Insights with Superpowers

Doubting Thomas and the Emergent Church

I don’t mean to continue the ongoing debate about Rob Bell and Universalism.  I think that everything that can be said about that has either already been said, or will be said by people who are much more knowledgeable than I.  With that said, Rob Bell is an archetype that I would like to investigate further, and then compare them with the life of Thomas the Apostle.  There are some very odd similarities, and even more so, some very particular differences.

Many an evangelical has rebuked Bell for his leading questions pertaining to the thesis of his new book.  These open-ended, “searching” questions are something that defines the Emergent Church Movement.  To search and be on a perpetual journey with no specific destination is something that defines postmodernity in the Church.  Here is a list of questions Bell asked in light ofhis new book:

“Will only a few select people make it to heaven and will billions of people burn forever in hell?”

“…and if that is the case how does one become one of the few?”

“What is God like? Because what millions and millions were taught is that God is going to send you to hell unless you believe in Jesus…what get’s sort of subtly caught and taught is that Jesus somehow rescues you from God. But what kind of God is that that we would need to be rescued from this God? How could that God ever be good? How could that God ever be trusted? And how could that ever be good news?”

Obviously Bell is trying to convey a thought by presenting these questions.  He isn’t looking for answers.  He knows what he believes, but seeks to lead people through ambiguity.  Again, I’m not trying to continue a firestorm on Mr. Bell, but rather paint the picture of an archetype for the emergent church.

One can plainly see the similarities between “a question asker” and the infamous “doubting apostle”.  Thomas “the Twin” had quite the reputation for asking questions and being skeptical.  So much that he has been immortalized into American Idioms as “Doubting Thomas”.  Asking questions isn’t wrong.  Certainly God expects us to “work out our salvation” and ask questions concerning our faith.  Paul told Timothy to “study to show thyself approved”, obviously researching and learning about what he believes.  This type of question asking is and will be glorifying to God.  We are seeking to know Him better.  John 14:1-7 puts it plainly:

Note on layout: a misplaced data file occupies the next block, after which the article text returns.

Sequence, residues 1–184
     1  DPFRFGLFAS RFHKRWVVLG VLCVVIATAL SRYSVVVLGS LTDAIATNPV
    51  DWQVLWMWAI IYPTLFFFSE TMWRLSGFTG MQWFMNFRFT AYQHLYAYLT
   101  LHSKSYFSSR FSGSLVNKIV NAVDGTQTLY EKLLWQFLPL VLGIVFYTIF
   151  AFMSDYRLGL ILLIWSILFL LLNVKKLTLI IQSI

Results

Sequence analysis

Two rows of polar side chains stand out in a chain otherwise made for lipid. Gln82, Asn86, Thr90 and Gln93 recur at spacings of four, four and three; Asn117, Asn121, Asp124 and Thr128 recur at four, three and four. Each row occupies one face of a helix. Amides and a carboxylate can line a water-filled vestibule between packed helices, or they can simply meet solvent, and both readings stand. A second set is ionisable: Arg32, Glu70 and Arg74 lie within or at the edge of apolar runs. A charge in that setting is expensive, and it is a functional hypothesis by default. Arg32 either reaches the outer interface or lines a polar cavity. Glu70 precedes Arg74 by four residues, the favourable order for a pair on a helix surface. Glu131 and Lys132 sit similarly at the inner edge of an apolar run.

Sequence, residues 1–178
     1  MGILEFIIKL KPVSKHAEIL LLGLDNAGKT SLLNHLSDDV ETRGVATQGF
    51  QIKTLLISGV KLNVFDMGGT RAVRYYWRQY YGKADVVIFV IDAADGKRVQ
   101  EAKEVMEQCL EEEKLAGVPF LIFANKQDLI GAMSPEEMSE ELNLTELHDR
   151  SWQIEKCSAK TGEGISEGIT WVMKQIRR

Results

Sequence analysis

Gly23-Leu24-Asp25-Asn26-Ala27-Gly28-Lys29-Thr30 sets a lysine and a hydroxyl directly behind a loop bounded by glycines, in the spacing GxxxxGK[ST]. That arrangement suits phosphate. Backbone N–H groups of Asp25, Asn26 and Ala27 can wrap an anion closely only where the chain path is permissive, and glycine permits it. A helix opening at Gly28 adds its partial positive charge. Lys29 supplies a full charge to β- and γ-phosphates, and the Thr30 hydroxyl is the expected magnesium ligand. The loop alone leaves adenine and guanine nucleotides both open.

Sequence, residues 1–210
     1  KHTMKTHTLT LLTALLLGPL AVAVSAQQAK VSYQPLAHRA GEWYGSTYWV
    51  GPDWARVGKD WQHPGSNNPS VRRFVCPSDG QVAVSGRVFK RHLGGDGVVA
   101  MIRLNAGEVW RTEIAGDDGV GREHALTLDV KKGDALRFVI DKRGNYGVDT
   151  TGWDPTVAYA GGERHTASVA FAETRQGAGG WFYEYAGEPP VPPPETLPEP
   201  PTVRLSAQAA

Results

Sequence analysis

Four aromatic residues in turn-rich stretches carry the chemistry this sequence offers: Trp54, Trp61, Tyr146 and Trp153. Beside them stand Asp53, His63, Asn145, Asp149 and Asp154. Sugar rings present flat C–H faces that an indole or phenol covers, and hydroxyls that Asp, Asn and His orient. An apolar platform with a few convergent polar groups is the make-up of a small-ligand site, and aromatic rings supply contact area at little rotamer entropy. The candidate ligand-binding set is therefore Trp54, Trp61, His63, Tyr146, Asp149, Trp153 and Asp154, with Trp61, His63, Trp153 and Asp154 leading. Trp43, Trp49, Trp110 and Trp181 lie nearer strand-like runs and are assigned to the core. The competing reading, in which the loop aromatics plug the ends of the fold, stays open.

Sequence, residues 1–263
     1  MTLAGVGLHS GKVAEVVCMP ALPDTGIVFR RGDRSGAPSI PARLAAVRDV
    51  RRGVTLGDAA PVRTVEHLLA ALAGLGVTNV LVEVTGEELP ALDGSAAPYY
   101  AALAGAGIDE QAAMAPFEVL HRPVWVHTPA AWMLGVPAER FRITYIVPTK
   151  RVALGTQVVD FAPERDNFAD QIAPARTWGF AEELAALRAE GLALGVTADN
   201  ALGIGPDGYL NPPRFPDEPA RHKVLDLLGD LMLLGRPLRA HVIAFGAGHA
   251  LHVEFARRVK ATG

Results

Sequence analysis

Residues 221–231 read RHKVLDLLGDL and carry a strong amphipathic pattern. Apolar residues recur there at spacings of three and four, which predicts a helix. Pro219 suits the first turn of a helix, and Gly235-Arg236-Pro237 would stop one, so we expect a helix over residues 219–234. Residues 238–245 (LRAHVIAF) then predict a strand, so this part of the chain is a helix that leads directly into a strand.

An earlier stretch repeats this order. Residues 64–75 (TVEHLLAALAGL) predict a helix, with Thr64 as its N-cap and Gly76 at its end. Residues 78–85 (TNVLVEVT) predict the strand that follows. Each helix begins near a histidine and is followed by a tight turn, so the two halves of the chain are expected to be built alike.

“Let not your hearts be troubled. Believe in God; believe also in me. 2 In my Father’s house are many rooms. If it were not so, would I have told you that I go to prepare a place for you? And if I go and prepare a place for you, I will come again and will take you to myself, that where I am you may be also. And you know the way to where I am going.” Thomas said to him, “Lord, we do not know where you are going. How can we know the way?” Jesus said to him, “I am the way, and the truth, and the life. No one comes to the Father except through me. If you had known me, you would have known my Father also. From now on you do know him and have seen him.”

One would even be as bold to wonder if Christ would have continued teaching on the Gospel if Thomas wouldn’t have inquired further.  He was seeking to know more about how to follow his Lord.

Herein is the difference.  The Emergent Church seeks to ask questions to which they don’t seek answers.  They wander in ambiguity asking questions with no intention of answering them.  Furthermore, it is interesting to whom they are asking the questions.  Thomas sought to ask the right source.  He went to the greatest teacher the world has ever known to ask his questions.  He didn’t seek public opinion or social philosophy.  He wanted to know what the Creator of the World had to say about his questions.  The Emergent Movement asks rhetorical questions to no one, but we have the example of Thomas to ask questions to the highest authority there is.

So ask questions.  Work through your faith.  Seek to better understand God, His Gospel, and your relationship with Him.  But understand that that only comes through interaction with Him.  We don’t get our questions answered if we ask them rhetorically to society.  We don’t get good answers when we ask the current movement of the world.  We get perfect answers when we ask the Lord of Heaven and Earth.


4 responses

  1. This is very insightful. Thank you! Some real food for thought here! I’ve also been troubled by Rob Bell and his ideas and have been really interested to see how Christians react to them. This is one of the more measured, considered responses I’ve read!

    March 27, 2011 at 3:45 pm

    • Thanks man. I really appreciate the kind words. I think it’s very important to weigh the arguments and consider everything through a Biblical lens.

      March 27, 2011 at 3:51 pm

  2. Oh, absolutely. While it’s unpleasant to think about things like Hell, we can’t just wish them out of existence. We need to really consult the Word and live by it. Love is a key element of Christianity, but we can’t remove Jesus’ sacrifice. With no Hell, what exactly was Jesus’ purpose on this Earth?

    We need people of clarity to gently and selflessly stand strong against dilution of the Scriptures.

    March 27, 2011 at 8:37 pm

    • I couldn’t agree more my friend. Weigh the arguments in humility and truth. That is at the heart of true theology.

      March 27, 2011 at 9:38 pm

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